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March 24th, 2017

Insight

The more things change, the more they actually don't

Victor Davis Hanson

By Victor Davis Hanson

Published Sept. 1, 2016

   The more things change, the more they actually don't

In today's technically sophisticated and globally connected world, we assume life has been completely reinvented. In truth, it has not changed all that much.

Facebook and Google may have recalibrated our lifestyles, but human nature, geography and culture are nearly timeless. Even as ideologies and governments come and go, the same old, same old problems and challenges remain.

Compare what dominated the news in 1966, 50 years ago.

Abroad, Israel was constantly fighting on the West Bank against Palestinian guerrilla groups and in the air over Syria. It is likely that in another 50 years the story will remain about the same.

The Middle East in 1966 was going up in flames, just as it is today -- and in many of the same places. The Syrian government was overthrown in a coup. The Saudis, Jordanians and Egyptians were involved in a civil war in Yemen. The Egyptian government executed Islamists charged with planning a theocratic takeover.

Africa, as today, was wracked by wars or coups in places such as Chad, Ghana, Nigeria and Sudan.

American relations with Russia were tense. Moscow clamped down on dissidents and opposed almost all U.S. initiatives abroad.

The Castro government in Cuba was railing against the United States, outlawing free expression and alleging American interference in Cuba's affairs. The only difference from today was that Cuban dictator Fidel Castro then was a 40-year-old firebrand, not a 90-year-old near-invalid.

Nothing has much changed elsewhere in the world either. Just as Cyprus today remains a bone of contention between Turkey and Greece, 50 years ago Greek and Turks were meeting to resolve tensions on the divided island. Ditto the ongoing dispute between India and Pakistan, whose leaders met frequently during 1966 following outright war in 1965.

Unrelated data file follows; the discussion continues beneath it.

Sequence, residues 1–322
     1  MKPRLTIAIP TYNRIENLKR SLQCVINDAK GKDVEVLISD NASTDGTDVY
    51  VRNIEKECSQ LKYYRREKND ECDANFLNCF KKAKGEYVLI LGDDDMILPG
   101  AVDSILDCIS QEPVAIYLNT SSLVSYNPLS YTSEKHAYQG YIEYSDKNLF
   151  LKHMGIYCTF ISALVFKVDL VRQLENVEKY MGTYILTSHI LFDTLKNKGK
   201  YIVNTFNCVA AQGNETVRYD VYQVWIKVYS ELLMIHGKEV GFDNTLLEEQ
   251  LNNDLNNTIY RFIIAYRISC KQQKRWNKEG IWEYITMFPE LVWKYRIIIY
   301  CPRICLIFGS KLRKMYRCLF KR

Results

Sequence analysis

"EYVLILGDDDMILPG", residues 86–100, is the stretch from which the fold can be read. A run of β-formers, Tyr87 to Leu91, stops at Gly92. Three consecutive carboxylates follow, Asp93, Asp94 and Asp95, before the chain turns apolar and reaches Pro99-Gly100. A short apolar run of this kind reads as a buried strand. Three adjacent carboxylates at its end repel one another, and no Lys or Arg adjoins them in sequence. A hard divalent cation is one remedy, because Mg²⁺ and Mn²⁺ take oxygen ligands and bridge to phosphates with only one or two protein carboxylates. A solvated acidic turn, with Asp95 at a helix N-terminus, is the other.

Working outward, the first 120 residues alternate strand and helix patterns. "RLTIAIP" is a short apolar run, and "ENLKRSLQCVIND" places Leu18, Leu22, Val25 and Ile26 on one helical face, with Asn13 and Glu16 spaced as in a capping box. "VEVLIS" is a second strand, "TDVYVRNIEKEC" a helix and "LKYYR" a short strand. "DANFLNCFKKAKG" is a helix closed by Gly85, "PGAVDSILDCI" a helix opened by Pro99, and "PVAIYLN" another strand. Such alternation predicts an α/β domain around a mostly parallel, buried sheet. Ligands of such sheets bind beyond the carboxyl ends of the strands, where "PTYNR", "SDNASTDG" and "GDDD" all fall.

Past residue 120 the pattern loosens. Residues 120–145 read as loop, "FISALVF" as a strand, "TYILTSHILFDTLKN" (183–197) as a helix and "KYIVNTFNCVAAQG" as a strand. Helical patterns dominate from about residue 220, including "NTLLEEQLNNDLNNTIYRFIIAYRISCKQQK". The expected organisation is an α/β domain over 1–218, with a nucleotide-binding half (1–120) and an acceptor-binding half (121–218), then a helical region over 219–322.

There were also the sorts of rifts within NATO that have become so familiar. Today, the U.S. worries that the alliance is unraveling due to bickering and the unwillingness of European countries to increase their defense budgets. Fifty years ago, the problem was France. In 1966, the French actually quit the alliance, which suddenly had to transfer its headquarters from Paris to Brussels, Belgium.

Nor were things that different at home than they are today.

Fifty years ago, Walt Disney died while working on an animated version of Rudyard Kipling's "The Jungle Book," whose remake this year was a summer hit. In 1966, a new science-fiction series, "Star Trek," premiered on television. Yet another installment in the "Star Trek" movie series ("Star Trek Beyond") just came out in July. For all our new computer and video technologies, millions of young Americans still watch "The Jungle Book" and "Star Trek," not that much differently from the way their grandparents did a half-century ago.

Pop hits today do not sound all that much different from those that swept America in 1966, performed by groups such as the Rolling Stones, Beatles and Jefferson Airplane. Even fashion tastes come full circle. A man at work in a coat and tie looked about the same then as now. In 1966, miniskirt hemlines hit the mid-thigh -- similar to the retro miniskirts of 2016.

We often worry that 2016 America has become a violent society, with unprecedented mass killings at schools and universities. But unfortunately, nothing much has changed here either. In July 1966, mass murderer Richard Speck was arrested for butchering eight student nurses in their dorm in Chicago. The next month, Charles Whitman climbed up into a tower at the University of Texas at Austin and fatally shot 14 innocents, wounding another 32 (after killing his mother and his wife).

The United States has dealt with racial unrest this year from Dallas to Milwaukee, after rioting in Ferguson, Missouri, in 2014 and in Baltimore last year. The so-called Division Street Riots broke out in Chicago in 1966, and there was also rioting in Lansing, Michigan, that year following the Watts Riots of 1965.

The protest group Black Lives Matter has sprung up to galvanize popular support against the perceived mistreatment of African-Americans by police. In 1966, Bobby Seale and Huey Newton founded the Black Panther Party in a similar context.

America and the rest of the world have made enormous progress in technology, science and social relations. But beneath the veneer of 2016, human nature remains the same, and life often operates on principles similar to those from a half-century ago -- and even before that.

We assume that life in 1900 was unrecognizable in comparison to the modern world of 1950. It was, or was not, in the same way that 1966 is both like and unlike 2016.

That persistent continuity of the human experience is why studying history remains about the only way to understand who we were, are, and will be.

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Victor Davis Hanson, a classicist and military historian, is a senior fellow at the Hoover Institution and a recipient of the 2007 National Humanities Medal.

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